It’s a good morning for day 2 of this year’s birthday weekend adventures! It’s actually not. It’s quite miserable, and wet. But that’s ok! Today we head out to Lion’s Head Provincial Park.
I had planned a couple other trails for today, but with the impending rain we decided we’d just stick to Lion’s Head and try to make the best of it. Which isn’t hard in a place like this.
We parked down at the south end, since we were coming from that way. What’s the point of driving around to the north end when we’re hiking that way anyway? It starts on Cemetery Road side trail, which was suspiciously lacking of cemeteries.
The obvious answer is that it’s closer to the main attraction, that which is Lion’s Head. But whatever. We’re here for the hike! It does start out a little bland at this end. And wet. As is our theme for the weekend.
Soon you come to a crossing, where we chose to continue straight ahead and take the anti-clockwise route around the park. This crossing is the end of Cemetery Road side trail, as it joins Ilse Hanel side trail.
Not far past that you’ve come to the main Bruce Trail. Keep straight (to the right) and we’re on our way to Lion’s Head!
There are so many lookout points along this trail. It follows the escarpment along Barrow Bay. It’s a good thing we altered our plans “for the rain” because we ended up stopping a lot more often than anticipated.
The blue waters do make some lovely views, but the trail itself is nice too. Rocks and trees, my favourite things!
Some of my not favourite things include snow. Some days. Most days. Especially when it’s been about 9 months worth of it at this point. But it’s early spring in Canada, so of course there will still be snow hiding in the crevices of some less traveled paths.
Still worth it for these views. And the trees on rocks. Slippery rocks, but still nice.
We’re barely halfway up the lower side of the trail at this point, but it’s just too much to pass by! Seriously, double your expected time spent here and enjoy it!
Finally we get up to the first crossing, which is the Inland side trail. Rain is threatening. We know it’s a gamble at this point. So what do we do? Obviously we stay on the main Bruce Trail and continue around the outer end.
There’s a little more climbing along this section. Not much, but enough wet rocks to slow you down.
And the views continue, at lookout 13 or 14 here around Gun Point, as my hiking partner mimics the obligatory cliff pose (at my direction of course).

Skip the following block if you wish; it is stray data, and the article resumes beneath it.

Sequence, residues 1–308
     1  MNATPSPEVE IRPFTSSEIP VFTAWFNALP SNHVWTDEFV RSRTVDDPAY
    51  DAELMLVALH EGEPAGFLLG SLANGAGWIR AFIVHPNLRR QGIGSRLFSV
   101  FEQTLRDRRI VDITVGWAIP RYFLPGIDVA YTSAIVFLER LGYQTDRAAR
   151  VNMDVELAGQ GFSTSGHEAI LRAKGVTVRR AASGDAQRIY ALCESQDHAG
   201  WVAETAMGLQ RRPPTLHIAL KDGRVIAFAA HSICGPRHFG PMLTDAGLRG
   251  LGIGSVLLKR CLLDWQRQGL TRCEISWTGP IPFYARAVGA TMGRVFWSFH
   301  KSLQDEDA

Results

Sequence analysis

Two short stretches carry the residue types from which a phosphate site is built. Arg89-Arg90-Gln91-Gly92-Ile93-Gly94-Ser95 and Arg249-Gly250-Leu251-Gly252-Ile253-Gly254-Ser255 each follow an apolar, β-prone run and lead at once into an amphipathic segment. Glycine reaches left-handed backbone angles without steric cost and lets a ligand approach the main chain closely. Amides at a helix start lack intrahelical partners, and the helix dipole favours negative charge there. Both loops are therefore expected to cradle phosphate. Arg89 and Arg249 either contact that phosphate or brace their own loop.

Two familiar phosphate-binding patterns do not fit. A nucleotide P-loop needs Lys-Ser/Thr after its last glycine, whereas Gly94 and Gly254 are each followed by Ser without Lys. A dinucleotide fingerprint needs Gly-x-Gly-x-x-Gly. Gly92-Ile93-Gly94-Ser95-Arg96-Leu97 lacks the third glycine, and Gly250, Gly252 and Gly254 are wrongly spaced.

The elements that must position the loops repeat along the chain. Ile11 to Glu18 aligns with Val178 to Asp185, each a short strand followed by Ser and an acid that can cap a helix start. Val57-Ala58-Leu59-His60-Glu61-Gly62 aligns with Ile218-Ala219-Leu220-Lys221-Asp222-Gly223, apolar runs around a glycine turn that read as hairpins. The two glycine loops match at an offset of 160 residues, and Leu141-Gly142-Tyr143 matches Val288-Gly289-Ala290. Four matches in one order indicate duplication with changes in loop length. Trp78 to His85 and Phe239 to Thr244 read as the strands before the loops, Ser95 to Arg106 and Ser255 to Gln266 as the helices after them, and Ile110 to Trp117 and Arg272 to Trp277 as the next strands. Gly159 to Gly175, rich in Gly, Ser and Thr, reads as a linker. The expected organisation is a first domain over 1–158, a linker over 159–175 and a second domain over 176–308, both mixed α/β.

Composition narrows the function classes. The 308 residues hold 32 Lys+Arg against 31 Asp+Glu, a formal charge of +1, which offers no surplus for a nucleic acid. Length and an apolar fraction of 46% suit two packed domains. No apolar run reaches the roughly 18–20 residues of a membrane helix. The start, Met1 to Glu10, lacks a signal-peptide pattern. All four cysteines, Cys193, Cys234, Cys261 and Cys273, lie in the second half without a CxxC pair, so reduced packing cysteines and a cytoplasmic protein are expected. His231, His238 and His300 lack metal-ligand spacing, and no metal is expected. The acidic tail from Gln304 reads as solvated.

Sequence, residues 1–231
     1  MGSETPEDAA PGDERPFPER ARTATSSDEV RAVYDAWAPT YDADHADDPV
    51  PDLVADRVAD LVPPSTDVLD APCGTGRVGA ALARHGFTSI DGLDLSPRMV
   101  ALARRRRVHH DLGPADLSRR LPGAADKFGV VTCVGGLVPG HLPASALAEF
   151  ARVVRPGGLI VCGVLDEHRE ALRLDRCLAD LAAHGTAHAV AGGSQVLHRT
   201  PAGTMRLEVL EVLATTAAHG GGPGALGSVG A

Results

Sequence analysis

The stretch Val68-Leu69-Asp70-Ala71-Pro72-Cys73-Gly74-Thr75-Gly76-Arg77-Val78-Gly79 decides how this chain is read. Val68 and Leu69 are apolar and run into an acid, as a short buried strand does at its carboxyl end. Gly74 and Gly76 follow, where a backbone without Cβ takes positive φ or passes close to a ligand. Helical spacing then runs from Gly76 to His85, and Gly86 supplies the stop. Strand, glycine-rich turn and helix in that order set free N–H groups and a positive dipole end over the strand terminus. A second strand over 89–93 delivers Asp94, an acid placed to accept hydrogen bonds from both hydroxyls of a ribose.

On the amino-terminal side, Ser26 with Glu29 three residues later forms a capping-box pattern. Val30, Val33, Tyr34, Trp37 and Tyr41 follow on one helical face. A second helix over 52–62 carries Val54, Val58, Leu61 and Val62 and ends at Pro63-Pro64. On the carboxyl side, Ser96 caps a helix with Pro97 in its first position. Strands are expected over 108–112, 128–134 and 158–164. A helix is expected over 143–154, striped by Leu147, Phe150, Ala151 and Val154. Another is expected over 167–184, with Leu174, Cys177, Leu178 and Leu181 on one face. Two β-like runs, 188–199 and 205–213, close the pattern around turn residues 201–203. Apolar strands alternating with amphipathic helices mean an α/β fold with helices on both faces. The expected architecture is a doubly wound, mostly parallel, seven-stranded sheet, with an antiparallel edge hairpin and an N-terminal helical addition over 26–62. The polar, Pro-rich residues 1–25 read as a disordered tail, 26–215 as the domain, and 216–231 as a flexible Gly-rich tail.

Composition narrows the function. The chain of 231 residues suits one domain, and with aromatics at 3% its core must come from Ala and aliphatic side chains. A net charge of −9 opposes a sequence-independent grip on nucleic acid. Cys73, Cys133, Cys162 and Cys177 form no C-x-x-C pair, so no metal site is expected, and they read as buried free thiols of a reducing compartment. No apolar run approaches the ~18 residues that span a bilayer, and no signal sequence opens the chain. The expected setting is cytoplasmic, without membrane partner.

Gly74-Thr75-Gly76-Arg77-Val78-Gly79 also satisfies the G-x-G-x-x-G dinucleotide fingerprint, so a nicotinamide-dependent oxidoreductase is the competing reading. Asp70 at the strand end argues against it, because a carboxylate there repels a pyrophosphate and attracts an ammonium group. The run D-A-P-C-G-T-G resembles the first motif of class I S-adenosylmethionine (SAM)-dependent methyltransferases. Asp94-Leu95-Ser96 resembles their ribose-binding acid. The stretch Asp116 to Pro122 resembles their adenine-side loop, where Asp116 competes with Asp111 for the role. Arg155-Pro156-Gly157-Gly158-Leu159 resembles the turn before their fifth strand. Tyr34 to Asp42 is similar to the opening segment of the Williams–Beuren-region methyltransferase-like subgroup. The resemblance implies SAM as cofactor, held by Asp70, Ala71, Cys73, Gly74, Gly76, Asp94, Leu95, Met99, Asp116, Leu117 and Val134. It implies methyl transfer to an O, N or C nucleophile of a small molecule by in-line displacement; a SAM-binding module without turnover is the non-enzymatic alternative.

Obligatory selfies were had.
And on we go, at a bit more of a brisk pace. But just a bit. Still nothing crazy as I stop and take all the pictures. Of trees:
And more rocks:
The next fork in the trail is Donna Baker side trail. This one we decided to take as it shaved off a snippet of time, and we were feeling the drops by now. Donna Baker then ends at Inland side trail, take a right and continue back to the main Bruce Trail.
Which of course brings us back to the edge and back to these views.
Once the main trail leaves the escarpment and heads inland, you’ll pass a couple of very short side trails. Lion’s Head Pothole and Giant Cauldron side trails. Both sound more epic than they are, but hey, we’re racing the rain so of course we detoured.
The drops have picked back up again, so it’s time for a little interval training. That’s what we like to call it when we’re half-running and half-stopping for more photos.
There’s another fork in the road where Moore Street side trail. If you parked at the northern lot, you can take that back to your car. But we didn’t. So we kept left on the main trail until the next fork, which is the Isle Hanel side trail.
As you know, Isle Hanel was not the side trail that we parked off of. And it’s now kind of spitting. So off we trot at a decent pace, past yet another fork in the trail for Warder side trail.
We did end up making it back to the car just before the heavens opened up. Perfect timing! But they were only open for a grand total of 15 minutes.. back to camp to decide what to do next!
I’d have loved to have tracked this hike. Our splits would have hilarious.